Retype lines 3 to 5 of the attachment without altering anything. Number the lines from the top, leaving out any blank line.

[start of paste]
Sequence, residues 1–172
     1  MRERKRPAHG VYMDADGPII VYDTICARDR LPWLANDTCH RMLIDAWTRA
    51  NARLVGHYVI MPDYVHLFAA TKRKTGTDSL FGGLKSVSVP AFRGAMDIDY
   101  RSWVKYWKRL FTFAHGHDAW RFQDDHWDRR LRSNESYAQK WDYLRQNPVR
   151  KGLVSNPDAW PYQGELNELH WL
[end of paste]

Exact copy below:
    51  NARLVGHYVI MPDYVHLFAA TKRKTGTDSL FGGLKSVSVP AFRGAMDIDY
   101  RSWVKYWKRL FTFAHGHDAW RFQDDHWDRR LRSNESYAQK WDYLRQNPVR
   151  KGLVSNPDAW PYQGELNELH WL